It can sometimes be difficult to weave your way through busy public thoroughfares on foot but just think how much more difficult it is for users of electric wheelchairs. Imagine if the chair was equipped with sensors and used adaptive AI control to provide obstacle avoidance and autonomous steering capability.  That would offer users a whole new level of independence.

A research team from Kent University (UK) have been working on this problem with the aim to integrate sophisticated control and AI learning into wheelchair control system to improve quality of life and give independence to wheelchair users:
The team has developed a wheelchair capable of navigating very narrow spaces and avoiding obstacles by using a LiDAR laser-light radar system to map the environment. It combines user input signals together with a degree of AI learning to produce control algorithms for the user’s driving style, taking into account other physiological variables such as the user’s heart rate and reaction time to determine their level of awareness and provide an appropriate level of control autonomy.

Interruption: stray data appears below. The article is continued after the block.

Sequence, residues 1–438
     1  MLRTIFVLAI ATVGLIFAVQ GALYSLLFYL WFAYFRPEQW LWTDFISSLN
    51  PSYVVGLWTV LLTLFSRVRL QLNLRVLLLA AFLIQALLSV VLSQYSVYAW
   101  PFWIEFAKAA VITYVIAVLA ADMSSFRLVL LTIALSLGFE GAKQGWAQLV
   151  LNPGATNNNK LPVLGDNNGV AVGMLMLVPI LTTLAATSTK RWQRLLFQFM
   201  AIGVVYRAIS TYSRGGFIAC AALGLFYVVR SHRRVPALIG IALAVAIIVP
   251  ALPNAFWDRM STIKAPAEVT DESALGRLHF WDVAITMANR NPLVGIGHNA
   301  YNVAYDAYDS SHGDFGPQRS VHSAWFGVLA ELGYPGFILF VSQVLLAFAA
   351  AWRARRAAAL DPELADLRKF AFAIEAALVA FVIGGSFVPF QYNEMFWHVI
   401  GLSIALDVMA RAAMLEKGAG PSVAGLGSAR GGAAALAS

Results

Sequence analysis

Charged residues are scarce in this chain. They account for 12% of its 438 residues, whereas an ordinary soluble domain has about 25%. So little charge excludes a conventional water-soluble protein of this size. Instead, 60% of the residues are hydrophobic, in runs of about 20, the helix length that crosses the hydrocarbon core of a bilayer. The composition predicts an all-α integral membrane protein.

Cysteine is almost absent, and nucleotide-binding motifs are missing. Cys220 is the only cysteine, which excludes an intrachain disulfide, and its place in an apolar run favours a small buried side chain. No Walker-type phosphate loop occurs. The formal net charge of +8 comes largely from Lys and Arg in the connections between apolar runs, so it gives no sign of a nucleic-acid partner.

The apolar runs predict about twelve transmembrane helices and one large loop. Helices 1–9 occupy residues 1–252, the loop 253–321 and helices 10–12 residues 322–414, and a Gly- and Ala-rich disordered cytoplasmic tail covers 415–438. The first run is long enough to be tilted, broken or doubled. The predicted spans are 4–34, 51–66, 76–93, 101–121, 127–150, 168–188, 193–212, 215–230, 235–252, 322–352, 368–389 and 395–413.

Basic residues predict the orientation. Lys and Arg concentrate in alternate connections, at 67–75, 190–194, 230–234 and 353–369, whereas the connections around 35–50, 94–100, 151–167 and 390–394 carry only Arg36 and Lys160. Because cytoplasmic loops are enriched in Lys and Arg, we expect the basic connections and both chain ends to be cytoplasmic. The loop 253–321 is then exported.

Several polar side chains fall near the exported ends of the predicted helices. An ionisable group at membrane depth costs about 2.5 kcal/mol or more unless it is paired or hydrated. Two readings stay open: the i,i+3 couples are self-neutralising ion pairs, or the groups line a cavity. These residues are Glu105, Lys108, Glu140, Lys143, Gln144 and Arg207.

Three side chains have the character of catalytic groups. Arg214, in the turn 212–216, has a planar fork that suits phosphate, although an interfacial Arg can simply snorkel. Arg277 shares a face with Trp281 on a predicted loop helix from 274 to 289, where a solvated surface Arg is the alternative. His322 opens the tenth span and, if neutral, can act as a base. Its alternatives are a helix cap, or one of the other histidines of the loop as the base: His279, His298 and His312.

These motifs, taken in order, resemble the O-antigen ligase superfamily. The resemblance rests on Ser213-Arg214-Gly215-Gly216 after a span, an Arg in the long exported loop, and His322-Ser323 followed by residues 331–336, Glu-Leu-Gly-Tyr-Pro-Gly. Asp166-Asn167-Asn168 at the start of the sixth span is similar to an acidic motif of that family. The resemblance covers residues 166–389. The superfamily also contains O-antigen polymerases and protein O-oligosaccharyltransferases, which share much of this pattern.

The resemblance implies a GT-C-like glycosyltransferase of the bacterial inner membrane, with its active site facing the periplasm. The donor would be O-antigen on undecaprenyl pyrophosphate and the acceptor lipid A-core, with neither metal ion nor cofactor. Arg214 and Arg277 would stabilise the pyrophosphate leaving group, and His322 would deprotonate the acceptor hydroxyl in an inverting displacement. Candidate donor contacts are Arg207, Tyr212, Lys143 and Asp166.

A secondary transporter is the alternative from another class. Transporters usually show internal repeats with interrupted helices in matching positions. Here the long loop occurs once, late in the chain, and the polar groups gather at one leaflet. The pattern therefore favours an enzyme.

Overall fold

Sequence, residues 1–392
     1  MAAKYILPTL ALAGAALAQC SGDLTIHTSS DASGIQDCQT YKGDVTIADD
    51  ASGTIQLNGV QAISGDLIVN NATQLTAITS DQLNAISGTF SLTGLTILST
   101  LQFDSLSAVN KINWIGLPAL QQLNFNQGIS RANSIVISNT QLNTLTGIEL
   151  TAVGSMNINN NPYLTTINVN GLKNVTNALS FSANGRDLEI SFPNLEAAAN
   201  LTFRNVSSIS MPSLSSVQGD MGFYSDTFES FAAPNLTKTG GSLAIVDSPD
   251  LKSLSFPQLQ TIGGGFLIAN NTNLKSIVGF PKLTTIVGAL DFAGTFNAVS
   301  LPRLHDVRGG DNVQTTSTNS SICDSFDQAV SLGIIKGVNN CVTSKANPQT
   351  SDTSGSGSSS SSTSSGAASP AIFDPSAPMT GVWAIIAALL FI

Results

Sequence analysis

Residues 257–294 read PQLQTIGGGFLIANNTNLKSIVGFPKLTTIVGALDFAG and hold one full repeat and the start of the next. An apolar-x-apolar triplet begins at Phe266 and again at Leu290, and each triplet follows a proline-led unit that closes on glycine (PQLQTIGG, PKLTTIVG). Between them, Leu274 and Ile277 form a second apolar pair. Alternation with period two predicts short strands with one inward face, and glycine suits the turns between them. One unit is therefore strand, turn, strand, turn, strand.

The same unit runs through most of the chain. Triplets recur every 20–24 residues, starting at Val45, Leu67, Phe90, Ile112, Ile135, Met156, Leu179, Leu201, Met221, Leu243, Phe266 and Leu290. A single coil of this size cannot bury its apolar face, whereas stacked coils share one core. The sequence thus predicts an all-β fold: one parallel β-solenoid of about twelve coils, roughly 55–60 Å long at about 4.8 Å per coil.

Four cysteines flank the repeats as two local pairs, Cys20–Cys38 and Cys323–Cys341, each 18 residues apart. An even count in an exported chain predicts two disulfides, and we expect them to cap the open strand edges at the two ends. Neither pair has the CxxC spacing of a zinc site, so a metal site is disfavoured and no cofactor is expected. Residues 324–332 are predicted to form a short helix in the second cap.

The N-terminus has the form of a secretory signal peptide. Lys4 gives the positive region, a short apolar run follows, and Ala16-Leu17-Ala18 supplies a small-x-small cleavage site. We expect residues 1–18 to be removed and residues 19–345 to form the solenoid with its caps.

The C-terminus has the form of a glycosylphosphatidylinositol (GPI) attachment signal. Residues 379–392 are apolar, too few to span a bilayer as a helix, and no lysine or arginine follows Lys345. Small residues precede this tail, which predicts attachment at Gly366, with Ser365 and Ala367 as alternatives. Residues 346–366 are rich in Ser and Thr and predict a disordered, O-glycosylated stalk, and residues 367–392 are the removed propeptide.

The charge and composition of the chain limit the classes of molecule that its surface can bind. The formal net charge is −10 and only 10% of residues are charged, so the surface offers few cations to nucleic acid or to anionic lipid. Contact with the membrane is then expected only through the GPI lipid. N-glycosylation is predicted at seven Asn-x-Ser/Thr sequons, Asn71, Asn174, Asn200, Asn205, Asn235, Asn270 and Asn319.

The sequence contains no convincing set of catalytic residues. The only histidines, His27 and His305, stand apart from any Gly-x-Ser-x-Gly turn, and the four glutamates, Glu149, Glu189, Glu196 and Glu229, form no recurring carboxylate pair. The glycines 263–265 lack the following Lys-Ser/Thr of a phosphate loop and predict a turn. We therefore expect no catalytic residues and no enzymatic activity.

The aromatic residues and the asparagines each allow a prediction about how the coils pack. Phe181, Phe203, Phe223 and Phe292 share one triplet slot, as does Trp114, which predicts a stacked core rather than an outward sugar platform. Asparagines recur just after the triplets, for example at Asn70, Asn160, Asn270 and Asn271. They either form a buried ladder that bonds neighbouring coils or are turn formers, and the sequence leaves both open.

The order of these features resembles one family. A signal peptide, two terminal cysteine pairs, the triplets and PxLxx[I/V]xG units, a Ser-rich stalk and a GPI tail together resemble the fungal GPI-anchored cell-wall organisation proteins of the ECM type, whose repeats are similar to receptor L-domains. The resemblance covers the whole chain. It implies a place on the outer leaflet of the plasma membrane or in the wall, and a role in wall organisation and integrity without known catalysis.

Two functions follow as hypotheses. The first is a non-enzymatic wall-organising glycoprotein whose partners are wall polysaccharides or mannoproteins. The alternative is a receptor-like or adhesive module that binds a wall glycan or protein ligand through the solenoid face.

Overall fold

The video shows how the person controls the wheelchair using head movement and eye tracking function. The wheelchair user said "Essentially, the wheelchair tracks my head movement and controls it as I move. Turning my head to the left causes the chair to turn left and vice versa." The method of user control input is highly individual, according to the users level of ability; in addition to head-tracking they also can use iris or nose direction control.

C, C++ and Python have been used for software development. The team also make use of the resources available at the open-source Robot Operating System (ROS) which has a whole host of useful software libraries, drivers and tools for developers of robotics and on this project, provide links with development partners for code sharing to maintain code interoperability.